Claire Wong ‘24, on the other hand, has formed a hypothesis that the squirrel is “very smart and knows the campus very well.” “I tried to sneak up on it,” she recounted. “That failed because it just ran away, but it knew where to run away. He has a lot of audacity for a squirrel. I’d say he’s a Slytherin. Perhaps Gryffindor because it is brave or bordering-on-stupidity brave?”

Those who have encountered Kevin are firmly divided into two camps: pro-Kevin and anti-Kevin.
Neuner, a leader of the smaller latter, thinks that “he’s curious in nature because I don’t know what his motivation for getting into trash cans and bags and backpacks and stuff is. I imagine it’s curiosity for some nefarious purpose of thievery…I am firmly pro-Kevin.”
“He can smell fear; don’t fear Kevin,” advises Neuner, “You’re bigger than Kevin. Kevin is only a threat if you let him be a threat.”

What might the future hold for Kevin? Due to the campus expansion plans, “we may have to relocate him,” hypothesized Neuner. “Whether he’ll do that himself or we have to do that, I’m not sure.”
Kayley Spencer ‘23 holds respect for Kevin, as he is a survivor: “if a squirrel who’s blind is resourceful enough to chew through all these things, find all these things, I can respect the squirrel. It’s good for him or her for living on even being blind. I respect that. I respect that squirrel.”

Lauren Lin ‘24, a squirrel expert who has been with the PHS SPCA wildlife department since June, has been privy to a different side of the squirrel. “I saw Kevin perched on top of the compost and he was nibbling on something. And I was like, wow, he’s letting me get really close to him. And so I took a few pictures and I offered my hand to him and he seemed really calm. So I gave him a little pet and we had a really nice connection.”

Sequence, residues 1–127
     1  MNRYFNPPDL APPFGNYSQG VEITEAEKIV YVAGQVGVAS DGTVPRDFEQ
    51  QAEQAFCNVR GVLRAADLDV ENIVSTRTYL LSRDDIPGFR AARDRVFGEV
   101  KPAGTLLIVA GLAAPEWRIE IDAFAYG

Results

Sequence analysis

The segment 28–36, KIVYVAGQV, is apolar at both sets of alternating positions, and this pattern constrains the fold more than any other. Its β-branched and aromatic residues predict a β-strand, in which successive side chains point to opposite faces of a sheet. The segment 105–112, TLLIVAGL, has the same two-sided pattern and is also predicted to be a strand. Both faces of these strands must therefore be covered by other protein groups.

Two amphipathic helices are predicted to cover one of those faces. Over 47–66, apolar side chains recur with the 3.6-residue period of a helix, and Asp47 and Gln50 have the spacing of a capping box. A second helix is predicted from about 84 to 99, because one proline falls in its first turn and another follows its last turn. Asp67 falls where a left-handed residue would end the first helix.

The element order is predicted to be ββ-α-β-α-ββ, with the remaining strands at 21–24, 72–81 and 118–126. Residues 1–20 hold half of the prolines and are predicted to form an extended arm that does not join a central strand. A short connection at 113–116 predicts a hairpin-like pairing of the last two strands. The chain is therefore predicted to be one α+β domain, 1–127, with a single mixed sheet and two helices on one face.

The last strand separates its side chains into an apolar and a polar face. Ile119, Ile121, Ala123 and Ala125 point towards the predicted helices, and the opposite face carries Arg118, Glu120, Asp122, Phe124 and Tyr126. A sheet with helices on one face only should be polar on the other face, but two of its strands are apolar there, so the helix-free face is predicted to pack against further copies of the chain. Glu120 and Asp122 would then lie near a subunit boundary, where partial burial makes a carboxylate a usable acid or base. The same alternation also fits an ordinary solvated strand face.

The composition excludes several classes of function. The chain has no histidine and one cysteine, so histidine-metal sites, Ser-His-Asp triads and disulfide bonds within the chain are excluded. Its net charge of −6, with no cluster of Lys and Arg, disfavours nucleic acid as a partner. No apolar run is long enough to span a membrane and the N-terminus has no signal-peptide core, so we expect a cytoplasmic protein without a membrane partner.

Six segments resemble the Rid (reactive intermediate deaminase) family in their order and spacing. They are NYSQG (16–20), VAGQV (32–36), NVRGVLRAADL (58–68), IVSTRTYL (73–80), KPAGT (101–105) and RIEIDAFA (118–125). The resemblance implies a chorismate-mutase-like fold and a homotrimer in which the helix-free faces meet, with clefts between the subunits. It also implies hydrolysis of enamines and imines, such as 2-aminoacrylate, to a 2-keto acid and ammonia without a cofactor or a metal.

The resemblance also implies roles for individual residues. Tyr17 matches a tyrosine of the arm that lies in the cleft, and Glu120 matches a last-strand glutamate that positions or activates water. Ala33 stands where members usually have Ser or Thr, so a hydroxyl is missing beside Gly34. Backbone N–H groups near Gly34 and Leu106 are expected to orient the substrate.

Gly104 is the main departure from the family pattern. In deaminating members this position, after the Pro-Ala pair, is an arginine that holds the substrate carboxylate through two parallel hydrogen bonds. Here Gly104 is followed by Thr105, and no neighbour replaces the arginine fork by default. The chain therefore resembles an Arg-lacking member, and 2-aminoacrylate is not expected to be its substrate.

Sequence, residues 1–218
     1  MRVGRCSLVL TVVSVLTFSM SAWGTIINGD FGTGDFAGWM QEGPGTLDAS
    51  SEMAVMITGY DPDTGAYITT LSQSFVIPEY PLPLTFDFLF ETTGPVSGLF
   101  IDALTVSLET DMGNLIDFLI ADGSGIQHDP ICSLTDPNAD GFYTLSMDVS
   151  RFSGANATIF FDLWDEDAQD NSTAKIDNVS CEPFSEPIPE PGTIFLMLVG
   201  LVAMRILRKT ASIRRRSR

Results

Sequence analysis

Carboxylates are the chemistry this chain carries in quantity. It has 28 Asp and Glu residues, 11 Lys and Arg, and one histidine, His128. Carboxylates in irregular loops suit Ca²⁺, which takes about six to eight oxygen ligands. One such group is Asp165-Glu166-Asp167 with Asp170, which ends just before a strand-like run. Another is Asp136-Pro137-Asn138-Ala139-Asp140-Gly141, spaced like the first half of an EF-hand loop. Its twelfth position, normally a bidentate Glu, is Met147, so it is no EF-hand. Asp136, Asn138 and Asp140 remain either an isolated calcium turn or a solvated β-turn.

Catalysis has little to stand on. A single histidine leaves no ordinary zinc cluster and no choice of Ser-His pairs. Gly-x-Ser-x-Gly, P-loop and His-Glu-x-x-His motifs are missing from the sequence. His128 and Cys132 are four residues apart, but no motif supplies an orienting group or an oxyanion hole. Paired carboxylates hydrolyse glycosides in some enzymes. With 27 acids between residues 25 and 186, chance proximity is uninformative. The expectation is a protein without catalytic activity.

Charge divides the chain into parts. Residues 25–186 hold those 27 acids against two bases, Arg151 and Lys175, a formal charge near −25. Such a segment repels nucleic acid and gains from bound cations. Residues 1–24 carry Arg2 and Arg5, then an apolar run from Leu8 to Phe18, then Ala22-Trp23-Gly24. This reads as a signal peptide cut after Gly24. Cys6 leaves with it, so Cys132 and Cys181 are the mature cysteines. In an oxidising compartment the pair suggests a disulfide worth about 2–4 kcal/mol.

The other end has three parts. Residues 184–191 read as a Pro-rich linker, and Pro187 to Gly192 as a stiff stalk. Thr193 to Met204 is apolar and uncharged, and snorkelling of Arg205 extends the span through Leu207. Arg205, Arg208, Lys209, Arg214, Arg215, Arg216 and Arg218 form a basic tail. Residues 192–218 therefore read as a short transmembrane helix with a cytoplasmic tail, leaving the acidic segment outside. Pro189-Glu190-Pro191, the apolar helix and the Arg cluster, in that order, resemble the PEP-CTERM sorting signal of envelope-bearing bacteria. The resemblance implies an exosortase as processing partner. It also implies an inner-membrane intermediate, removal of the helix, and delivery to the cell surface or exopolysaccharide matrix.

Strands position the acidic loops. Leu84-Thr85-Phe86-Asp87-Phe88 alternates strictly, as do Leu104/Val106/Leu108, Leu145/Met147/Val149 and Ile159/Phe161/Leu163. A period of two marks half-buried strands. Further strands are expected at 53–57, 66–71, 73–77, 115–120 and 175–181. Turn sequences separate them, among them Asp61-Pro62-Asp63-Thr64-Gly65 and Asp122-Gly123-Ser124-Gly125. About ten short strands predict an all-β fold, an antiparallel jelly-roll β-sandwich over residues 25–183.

Lin believes that he has endured many hardships but is on the road to self-improvement: “I saw a wonderful citizen of our community ready to make changes in his life if ever he needed them to begin with…maybe he wanted some human affection that day. He should be reinstated as part of society.”

For us, said Lin, “it’s important to give him distance and treat him well, because animals have feelings. Kevin has feelings, and this form of antagonism is not coming out of nowhere. It’s coming out of deprivation. He is not surrounded by enough squirrels [on whom] he is codependent. Maybe the trauma has continued and he’s never looked past it. What’s the difference between Kevin and the rest of us? Is there one? No. That’s my final remark.”

Although Lin remarked that “that kind of rhetoric [menace to society] is what’s thrusting him into the side that forces him to rip out people’s books and eat their lunches and whatever else he did,” many Casti students are not so open-hearted towards the animal that has been a blight on their lives.

“He has caused me a lot of trouble and he’s a little scary,” said McElhinney, advising, “Be careful. This squirrel is crazy and he is going to eat your books and your food. He will eat everything. So be really careful when you’re in Goode Court.”

Zhao describes Kevin as “quite the violent personality…and quite the danger on campus. So if you ever are going to throw away your trash, make sure to peer inside for a little squirrel, because you don’t know, little Kevin just might leap out at you. Kevin is just quite the little nightmarish squirrel on campus, little rascal.”
Wong ‘24 remarked: “The blind squirrel knows what it’s doing. So don’t try to help it out by giving it food. No, it [has] enough food.” Wong leaves us with questions: “Is the blind squirrel Jeremy Kevin or Kevin Jeremy? And is it a Slytherin or Gryffindor?”